If you’ve ever watched a crime drama, this scene is probably familiar. A beat cop hustles a criminal into the police station for booking. The intake officer records his name, takes a mug shot, tells him to empty his pockets—and then asks for his Social Security number. Right?
Wrong. As every crime drama from Law & Order to CSI has taught us, when someone is arrested for a crime, it’s the fingerprint that links them to it forever. So why do some home care agencies rely only on Social Security numbers when screening caregivers?
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Social Security v. Fingerprint Background Checks
Licensed agencies in most states are required to do a fingerprint check on potential caregivers. But many of the large online caregiver agencies only conduct Internet screenings that don’t require fingerprints. These companies base their background checks on the caregiver’s Social Security number instead.
Unfortunately, Internet screenings only determine whether a caregiver has been convicted of a crime at the state, national, or federal level, or is listed on the national sex offender registry. They don’t verify whether the caregiver has been arrested for a crime in any of those jurisdictions, nor do they check for criminal arrests or convictions at the local level.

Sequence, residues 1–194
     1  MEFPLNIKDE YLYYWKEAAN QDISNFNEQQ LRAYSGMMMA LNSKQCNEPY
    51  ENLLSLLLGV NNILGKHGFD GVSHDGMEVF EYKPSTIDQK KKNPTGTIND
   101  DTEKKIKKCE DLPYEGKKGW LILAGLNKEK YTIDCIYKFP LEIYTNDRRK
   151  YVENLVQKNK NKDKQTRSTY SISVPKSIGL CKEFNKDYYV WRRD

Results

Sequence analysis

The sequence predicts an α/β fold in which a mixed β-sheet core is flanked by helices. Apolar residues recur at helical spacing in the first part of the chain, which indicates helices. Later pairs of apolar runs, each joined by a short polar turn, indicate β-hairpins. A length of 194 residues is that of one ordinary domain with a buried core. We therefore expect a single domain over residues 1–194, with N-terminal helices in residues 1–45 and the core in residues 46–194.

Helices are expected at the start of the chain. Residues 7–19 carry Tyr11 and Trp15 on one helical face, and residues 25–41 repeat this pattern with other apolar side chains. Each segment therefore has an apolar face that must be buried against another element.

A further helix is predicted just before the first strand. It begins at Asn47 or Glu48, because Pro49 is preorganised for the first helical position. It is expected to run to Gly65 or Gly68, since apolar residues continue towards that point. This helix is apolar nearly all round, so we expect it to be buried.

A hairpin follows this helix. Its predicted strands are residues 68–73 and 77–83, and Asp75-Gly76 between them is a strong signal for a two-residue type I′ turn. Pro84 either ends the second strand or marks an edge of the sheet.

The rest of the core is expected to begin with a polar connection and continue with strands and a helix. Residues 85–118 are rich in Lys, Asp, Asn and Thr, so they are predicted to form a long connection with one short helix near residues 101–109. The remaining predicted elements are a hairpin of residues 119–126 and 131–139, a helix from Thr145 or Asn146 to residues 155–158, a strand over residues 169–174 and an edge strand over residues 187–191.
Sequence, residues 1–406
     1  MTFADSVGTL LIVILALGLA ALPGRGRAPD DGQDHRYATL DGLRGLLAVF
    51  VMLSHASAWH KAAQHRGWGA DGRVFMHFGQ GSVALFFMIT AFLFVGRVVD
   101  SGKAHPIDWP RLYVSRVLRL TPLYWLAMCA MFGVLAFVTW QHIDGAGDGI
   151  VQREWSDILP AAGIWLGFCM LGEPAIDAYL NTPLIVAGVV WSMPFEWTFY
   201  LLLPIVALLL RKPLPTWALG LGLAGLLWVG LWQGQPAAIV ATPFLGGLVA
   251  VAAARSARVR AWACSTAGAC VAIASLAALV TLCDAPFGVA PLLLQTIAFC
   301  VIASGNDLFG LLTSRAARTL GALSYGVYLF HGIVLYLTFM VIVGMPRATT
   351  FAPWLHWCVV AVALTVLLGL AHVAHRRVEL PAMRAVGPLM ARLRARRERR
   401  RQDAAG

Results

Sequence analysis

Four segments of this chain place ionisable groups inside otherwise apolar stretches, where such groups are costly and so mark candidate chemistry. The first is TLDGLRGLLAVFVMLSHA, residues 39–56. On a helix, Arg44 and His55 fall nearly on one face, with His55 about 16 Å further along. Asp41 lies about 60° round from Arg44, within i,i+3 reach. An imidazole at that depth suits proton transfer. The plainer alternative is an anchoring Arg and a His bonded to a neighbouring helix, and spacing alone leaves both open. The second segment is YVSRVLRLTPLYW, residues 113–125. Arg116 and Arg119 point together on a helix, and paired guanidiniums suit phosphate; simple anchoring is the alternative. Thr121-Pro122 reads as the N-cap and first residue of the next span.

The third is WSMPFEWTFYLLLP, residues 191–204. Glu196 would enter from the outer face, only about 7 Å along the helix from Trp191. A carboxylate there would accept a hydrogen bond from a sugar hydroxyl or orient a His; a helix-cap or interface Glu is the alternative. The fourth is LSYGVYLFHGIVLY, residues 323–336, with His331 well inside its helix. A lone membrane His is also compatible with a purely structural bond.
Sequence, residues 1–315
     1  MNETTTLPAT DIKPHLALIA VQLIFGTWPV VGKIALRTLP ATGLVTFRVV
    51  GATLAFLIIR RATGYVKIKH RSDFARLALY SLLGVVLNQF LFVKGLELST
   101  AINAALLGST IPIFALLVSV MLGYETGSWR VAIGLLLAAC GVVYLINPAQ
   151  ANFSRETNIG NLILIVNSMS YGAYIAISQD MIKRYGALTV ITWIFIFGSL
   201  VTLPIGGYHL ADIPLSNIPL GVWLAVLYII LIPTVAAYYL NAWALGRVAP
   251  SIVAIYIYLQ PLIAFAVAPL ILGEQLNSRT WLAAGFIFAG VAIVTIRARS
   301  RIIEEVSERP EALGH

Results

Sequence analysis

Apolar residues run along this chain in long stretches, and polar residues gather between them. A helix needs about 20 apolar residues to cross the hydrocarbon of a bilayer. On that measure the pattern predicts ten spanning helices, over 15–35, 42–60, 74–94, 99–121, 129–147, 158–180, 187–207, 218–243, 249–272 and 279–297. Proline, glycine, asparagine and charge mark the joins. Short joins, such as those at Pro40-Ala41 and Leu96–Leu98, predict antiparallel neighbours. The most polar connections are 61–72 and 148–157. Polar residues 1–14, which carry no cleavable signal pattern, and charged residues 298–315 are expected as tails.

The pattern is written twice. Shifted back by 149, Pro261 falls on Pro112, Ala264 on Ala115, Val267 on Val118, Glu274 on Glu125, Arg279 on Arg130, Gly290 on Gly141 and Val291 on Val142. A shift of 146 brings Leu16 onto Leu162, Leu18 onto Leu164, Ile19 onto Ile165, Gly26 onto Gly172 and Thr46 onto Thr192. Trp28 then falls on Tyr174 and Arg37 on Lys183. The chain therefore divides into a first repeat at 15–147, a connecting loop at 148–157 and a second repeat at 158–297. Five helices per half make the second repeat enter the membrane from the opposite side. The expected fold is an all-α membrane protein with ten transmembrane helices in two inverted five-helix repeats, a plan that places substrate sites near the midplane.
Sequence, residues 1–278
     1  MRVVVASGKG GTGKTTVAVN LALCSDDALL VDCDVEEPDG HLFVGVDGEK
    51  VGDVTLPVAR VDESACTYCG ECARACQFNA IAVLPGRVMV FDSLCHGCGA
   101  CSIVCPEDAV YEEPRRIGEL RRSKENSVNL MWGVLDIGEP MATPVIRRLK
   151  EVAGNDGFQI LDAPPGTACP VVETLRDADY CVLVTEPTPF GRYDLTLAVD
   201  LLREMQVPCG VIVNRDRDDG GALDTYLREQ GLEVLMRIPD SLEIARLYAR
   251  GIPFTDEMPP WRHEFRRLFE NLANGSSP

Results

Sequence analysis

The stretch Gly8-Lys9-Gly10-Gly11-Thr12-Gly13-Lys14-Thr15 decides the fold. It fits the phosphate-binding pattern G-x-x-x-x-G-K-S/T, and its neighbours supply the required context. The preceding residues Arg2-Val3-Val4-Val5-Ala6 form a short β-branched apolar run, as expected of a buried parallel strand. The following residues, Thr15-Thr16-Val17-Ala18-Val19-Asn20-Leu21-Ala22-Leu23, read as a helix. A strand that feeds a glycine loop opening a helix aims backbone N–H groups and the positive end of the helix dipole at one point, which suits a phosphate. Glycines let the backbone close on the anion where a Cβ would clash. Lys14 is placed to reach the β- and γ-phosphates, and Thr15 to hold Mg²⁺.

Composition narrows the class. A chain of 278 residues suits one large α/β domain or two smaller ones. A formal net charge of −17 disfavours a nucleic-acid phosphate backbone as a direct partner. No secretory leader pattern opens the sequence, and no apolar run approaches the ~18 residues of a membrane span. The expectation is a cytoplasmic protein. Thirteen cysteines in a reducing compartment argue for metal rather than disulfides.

A fingerprint-based FBI screening, on the other hand, checks for arrests and convictions in all jurisdictions. It also verifies that the caregiver isn’t listed in the national sex offender register or the national sex offense arrest database.
In-Person Interviews Verify Caregiver Claims
It’s hard to believe, but many online home care agencies never even speak, let alone meet, the caregivers. Anyone can register as a caregiver on these sites. Though, online companies often allow caregivers to post a picture and a resume, there’s no guarantee that the information is accurate.
It’s likely that many of the in-home care providers on these sites are skilled professionals, but it’s also easy for disreputable types to slip through. When you hire from a home care company that doesn’t meet the caregiver and doesn't do reference checks, your home health aide may lack the necessary caregiving skills, or even have an undisclosed history of theft or abuse.
Hire from a Network of Safe, Screened Caregivers
To ensure that your senior’s caregiver meets the highest standards, be sure you’re working with a caregiver network that:
- Completes an in-person, fingerprint-based, FBI background check
- Conducts comprehensive interviews with caregivers
- Speaks personally with at least two families the caregiver has worked with recently
- Requires several years of relevant caregiving experience
- Verifies all health care licenses and credentials
- Requires that caregivers can legally work in the United States
Fingerprint Checks in the News
In-home care isn’t the only industry facing this dilemma. Uber and Lyft have been under fire and some states are taking action to raise the standards for ride-hailing drivers. You wouldn’t get into a car with a stranger without some assurance of your safety. And you certainly don’t want to bring unverified caregivers into your parent’s home either.